On a party line vote, Democrats passed a bill out of committee Monday that would codify a laundry list of protections for unions threatened by a recent U.S. Supreme Court ruling that undermined their membership and finances.
Unions have portrayed the bill as largely a housekeeping effort that catalogs practices that are already enshrined in collective bargaining agreements and contribute to harmonious workplaces.
“HB 2016 helps us continue in the strong tradition of a cooperative relationship between government and its employees,” said Steve Demarest, the president of Service Employee International Union Local 503. “This bill will help level the playing field for those who work hard every day in public service by codifying best practices related to unfair labor practices, release time, dues collection, and access to work sites, members, and lists.”
But employer groups and union opponents say the bill is a direct reaction to last year’s decision in Janus vs. AFSCME, which ruled that public employees cannot be compelled to pay union dues or fees if they opt out of membership.
Public employee union membership and dues have declined in the wake of that decision, and anti-union activists say House Bill 2016 is a gift to the entities that have played the largest role in bankrolling and supporting Oregon’s Democratic party.
Despite objections from public employers who pointed to both practical and potential legal complications with the legislation, the House Business and Labor committee passed House Bill 2016 on a straight 7-to-4 party line vote, with all Republican members voting against the bill and with few amendments.
The bill would set in statute a number of issues that are currently the subject of collective bargaining. Cities and school districts currently bargain with unions over allowable shop steward time, with contracts specifying the number of allowable work hours spent on union business. HB 2016 would require public employers to grant “reasonable paid time” to designated union representatives to conduct union business, an open-ended commitment that employers say will remove any limits on the costs they’d have to cover.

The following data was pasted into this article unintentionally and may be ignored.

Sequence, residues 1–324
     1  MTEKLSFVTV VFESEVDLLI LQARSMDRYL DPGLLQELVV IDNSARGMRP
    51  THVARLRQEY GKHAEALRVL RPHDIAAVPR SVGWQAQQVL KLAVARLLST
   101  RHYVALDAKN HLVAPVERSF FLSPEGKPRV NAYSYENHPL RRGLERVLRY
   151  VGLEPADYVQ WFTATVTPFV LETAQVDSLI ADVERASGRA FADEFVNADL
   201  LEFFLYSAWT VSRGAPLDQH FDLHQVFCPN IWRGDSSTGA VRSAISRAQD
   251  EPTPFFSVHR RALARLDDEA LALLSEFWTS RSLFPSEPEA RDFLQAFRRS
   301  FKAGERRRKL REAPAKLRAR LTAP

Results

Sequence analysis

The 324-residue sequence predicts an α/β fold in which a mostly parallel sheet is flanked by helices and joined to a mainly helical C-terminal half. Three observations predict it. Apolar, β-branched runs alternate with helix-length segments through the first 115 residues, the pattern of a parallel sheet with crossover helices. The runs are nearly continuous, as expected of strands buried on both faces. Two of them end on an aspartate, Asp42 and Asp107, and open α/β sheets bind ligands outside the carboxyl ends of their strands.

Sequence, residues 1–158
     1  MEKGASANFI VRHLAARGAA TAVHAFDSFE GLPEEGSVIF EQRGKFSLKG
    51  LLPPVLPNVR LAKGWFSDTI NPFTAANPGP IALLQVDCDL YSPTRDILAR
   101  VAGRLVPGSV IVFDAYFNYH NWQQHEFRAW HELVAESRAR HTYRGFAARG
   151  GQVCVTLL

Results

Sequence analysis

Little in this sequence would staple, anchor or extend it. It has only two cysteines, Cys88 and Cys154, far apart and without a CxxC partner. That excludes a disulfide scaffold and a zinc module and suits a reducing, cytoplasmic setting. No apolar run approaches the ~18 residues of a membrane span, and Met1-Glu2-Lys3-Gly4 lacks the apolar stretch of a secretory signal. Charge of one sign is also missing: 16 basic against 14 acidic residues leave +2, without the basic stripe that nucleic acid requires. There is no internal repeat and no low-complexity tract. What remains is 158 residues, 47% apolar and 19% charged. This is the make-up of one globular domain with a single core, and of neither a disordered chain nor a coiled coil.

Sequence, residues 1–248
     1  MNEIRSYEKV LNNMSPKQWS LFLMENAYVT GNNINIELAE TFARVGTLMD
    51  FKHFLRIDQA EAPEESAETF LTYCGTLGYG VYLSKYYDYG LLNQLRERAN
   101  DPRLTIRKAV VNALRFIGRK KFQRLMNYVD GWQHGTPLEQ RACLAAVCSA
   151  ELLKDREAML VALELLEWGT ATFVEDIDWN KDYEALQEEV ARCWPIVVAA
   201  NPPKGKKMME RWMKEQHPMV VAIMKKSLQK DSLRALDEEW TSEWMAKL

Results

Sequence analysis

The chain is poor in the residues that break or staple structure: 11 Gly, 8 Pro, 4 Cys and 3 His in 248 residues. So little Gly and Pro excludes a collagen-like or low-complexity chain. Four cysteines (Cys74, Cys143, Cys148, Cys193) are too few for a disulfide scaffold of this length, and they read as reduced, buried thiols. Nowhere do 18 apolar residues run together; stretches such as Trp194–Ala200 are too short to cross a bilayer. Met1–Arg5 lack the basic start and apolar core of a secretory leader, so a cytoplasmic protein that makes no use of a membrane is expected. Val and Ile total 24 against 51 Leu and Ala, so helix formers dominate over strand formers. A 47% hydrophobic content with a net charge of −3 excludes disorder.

“That’s going to end up before the employee relations board,” said Scott Winkels, a lobbyist for the League of Oregon Cities.
The legislation also would require public employers to deduct union dues and fees from employee pay and send those to the designated union. It would make it easier for employees to opt in, by telephone, email or in writing.
“As it is, we will not take money out unless we have a signed authorization,” said Lori Sattenspiel, legislative services director for the Oregon School Boards Association. “The (Oregon Education Association) doesn’t use telephonic authorization. We feel like we’re in the middle here, balancing the needs of our employees.”
In the meantime, the legislation makes it potentially more difficult to opt out of union membership. An authorization for deducting dues would remain in place until the employee revokes it, either in the manner specified in a bargaining agreement, or by delivering “an original signed, written statement of revocation to the headquarters of the labor organization.”
The bill provides unions with virtually unlimited access to employees’ work and personal information, including home and cellphone numbers, emails and addresses, while restricting access to that same information to other private entities. And it allows unions to use work email systems to conduct union business while prohibiting any other entity or individual from using the same systems to discourage union membership.
“That’s a serious challenge for employers,” said Winkels of the League of Oregon Cities. “There’s another statute that requires employers be neutral. How do we take action in a way that’s respects everyone’s first amendment rights?”
Margaret Kirschnick, legal counsel for Oregon AFSCME, Council 75, submitted written testimony that said none of those rights were new.
“Most public employers in Oregon currently provide exclusive representatives with reasonable access to the bargaining unit,” she wrote.
But Aaron Withe, the Oregon director for the anti-union Freedom Foundation, called the bill “a union wish list that targets our outreach efforts and attempts to provide the pro-tax, big government liberals in this state with a continued funding mechanism from the unions.”
“If unions like SEIU wouldn’t have seen such dramatic losses, then they would not be introducing this type of legislation.”
HB 2016 could come up for a floor vote in the House later this week. If passed, it would then head to the Senate.